The House Budget Committee, which Paul Ryan will run until next year (this year’s budget will be the last produced by him in that role), released a withering, comprehensive report today on federal anti-poverty programs. As Robert Costa reports for the Washington Post, this is a prelude to his budget this year, and an extended effort to answer liberal talk about inequality with conservative solutions that emphasize opportunity for the poor.
So what’s in Ryan’s report, which runs 204 pages? Assessments of a lot of programs that you never even knew the federal government ran, for one. The Budget Committee document counts 92 distinct federal programs to help poor Americans (there are almost surely more), costing $799 billion in 2012:
Whether the sheer variety of these programs is a good or bad thing is debatable — 22 different programs to help low-income Americans get housing may sound ridiculous, but on the flip side, you probably wouldn’t want to consolidate all of them into one homogenous effort. (E.g., there’s probably virtue in having programs that try to tackle the supply of affordable housing and that try to help poor Americans afford what supply exists.)
One of the most valuable things Ryan’s document does is assemble the evidence about the success of each program: To take just a random example, it records that something called Section 202 Supportive Housing for the Elderly, which has provided housing and support services for disabled Americans since 1959 (just elderly ones since 1990), seems to be a cost-effective alternative to having these people placed in nursing homes and billing Medicaid for that. In fact, the federal assessment they cite found that it costs just half of what Medicaid would spend. So while Medicaid can pay for institutionalizing disabled elderly, and we might not want to do away with that possibility in some circumstances, having an alternative can offer efficiencies rather than redundancies.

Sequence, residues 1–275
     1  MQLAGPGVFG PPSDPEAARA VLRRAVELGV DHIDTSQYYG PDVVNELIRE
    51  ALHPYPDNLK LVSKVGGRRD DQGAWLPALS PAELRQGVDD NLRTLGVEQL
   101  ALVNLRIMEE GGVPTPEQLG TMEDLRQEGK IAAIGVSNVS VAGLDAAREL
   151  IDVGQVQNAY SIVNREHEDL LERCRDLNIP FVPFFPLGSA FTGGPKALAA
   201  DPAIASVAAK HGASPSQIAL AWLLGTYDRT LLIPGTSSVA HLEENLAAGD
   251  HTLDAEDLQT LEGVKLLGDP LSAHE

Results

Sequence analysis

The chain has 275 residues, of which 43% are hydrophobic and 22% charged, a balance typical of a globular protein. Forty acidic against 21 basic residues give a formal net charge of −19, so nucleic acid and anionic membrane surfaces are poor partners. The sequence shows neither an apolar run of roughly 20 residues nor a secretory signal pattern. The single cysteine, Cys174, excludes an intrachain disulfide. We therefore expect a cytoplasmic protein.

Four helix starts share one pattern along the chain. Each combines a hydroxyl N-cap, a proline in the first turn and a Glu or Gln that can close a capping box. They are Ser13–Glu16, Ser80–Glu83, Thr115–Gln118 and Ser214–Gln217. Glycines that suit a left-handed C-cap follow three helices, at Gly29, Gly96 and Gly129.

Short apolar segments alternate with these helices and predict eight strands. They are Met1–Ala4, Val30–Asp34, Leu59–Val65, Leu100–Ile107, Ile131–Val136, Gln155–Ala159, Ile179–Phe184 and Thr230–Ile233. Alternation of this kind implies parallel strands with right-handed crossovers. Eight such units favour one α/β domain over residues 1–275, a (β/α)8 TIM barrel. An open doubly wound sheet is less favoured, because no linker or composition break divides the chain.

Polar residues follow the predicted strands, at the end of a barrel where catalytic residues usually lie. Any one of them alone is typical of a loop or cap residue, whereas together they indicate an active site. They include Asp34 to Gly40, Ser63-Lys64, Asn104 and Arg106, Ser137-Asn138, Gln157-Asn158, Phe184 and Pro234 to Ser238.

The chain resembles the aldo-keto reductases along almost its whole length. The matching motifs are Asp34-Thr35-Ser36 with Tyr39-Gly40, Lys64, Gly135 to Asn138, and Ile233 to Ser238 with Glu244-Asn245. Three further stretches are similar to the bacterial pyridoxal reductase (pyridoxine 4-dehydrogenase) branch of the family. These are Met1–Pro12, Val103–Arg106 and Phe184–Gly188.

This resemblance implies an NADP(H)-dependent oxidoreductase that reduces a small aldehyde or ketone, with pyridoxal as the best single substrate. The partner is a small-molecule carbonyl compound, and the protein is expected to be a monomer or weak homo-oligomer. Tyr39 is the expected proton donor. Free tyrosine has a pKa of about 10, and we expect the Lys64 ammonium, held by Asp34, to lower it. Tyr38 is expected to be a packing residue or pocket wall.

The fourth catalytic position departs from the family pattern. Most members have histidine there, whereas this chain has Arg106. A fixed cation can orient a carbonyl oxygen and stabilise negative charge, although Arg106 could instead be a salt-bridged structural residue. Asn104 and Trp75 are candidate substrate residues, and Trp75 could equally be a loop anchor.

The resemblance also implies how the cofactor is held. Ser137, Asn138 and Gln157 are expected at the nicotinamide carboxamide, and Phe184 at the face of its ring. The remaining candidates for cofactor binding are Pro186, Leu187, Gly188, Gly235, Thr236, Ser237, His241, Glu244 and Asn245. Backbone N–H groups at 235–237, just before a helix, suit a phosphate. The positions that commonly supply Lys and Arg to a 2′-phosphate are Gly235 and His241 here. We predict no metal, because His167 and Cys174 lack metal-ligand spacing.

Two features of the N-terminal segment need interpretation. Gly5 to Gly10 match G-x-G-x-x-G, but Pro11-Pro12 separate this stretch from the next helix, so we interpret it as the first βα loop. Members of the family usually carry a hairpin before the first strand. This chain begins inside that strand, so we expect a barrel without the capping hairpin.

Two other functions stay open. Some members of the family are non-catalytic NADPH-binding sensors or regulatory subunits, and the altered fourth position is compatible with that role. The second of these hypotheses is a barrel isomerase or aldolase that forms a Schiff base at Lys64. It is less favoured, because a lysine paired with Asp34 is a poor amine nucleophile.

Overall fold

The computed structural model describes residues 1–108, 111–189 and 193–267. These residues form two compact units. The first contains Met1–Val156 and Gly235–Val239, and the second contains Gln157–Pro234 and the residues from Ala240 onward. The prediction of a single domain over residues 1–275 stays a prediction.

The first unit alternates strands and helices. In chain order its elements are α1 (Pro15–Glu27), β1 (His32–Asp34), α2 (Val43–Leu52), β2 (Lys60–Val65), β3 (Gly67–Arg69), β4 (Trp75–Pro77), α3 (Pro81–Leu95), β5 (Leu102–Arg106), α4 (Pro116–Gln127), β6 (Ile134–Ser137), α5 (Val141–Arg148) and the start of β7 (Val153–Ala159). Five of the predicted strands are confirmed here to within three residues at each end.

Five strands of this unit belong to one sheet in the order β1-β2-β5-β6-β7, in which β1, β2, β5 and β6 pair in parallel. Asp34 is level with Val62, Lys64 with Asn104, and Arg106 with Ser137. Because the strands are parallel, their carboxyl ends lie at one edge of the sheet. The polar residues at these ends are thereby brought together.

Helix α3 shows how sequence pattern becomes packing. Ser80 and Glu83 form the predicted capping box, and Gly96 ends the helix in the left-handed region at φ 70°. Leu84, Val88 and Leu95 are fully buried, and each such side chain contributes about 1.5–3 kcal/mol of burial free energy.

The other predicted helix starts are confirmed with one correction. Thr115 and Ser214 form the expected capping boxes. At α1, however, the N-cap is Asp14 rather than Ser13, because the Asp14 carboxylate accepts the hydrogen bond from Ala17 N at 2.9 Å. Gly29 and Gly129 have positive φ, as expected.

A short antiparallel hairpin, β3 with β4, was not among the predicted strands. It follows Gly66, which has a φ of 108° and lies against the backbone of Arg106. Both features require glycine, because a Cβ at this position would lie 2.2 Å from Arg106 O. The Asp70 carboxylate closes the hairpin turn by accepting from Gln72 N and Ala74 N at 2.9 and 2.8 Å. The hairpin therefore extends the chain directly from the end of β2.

In many cases, of course, assessments by the federal government (which aren’t done nearly often enough and publicized enough, something Ryan ought to emphasize) and outside academics find that the program is ineffective: There are two pages on the lackluster effects of Head Start alone.
What Ryan wants to do about that isn’t yet clear — Costa’s report indicates that he wants sweeping fundamental reforms, not just cuts in appropriations to ineffective programs.Such ideas will apparently be a big part of Ryan’s budget, released later this month, and will be part of a longer-term effort.
The president’s budget comes out tomorrow, and there are no rumors of significant changes to domestic entitlements or anti-poverty programs. One change we have seen in federal anti-poverty programs and domestic entitlements under the president’s five years of budgets: A lot of them have gotten much bigger. That’s in large part due to the bad economy, of course, which most would agree a deliberate policy choice by the president. But Ryan’s big deck of charts reminds us of one of the key elements of the stimulus package of 2009: Spending on a lot of the programs spiked in 2009 and 2010, before subsiding and resuming slow growth alongside the rest of the federal budget. The 2009 stimulus did include some new ideas in other areas — it didn’t change the way we spend money on the poor.